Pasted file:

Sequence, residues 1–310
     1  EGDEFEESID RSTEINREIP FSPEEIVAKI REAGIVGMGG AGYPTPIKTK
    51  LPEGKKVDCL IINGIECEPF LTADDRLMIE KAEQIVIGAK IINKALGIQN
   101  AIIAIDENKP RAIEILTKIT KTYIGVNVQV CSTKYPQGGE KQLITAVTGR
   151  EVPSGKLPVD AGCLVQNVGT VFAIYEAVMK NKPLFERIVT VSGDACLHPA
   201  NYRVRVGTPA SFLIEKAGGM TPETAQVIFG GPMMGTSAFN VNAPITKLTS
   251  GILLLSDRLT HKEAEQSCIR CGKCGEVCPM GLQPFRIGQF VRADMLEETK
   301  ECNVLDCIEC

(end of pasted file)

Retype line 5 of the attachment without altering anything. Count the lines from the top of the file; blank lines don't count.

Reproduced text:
   151  EVPSGKLPVD AGCLVQNVGT VFAIYEAVMK NKPLFERIVT VSGDACLHPA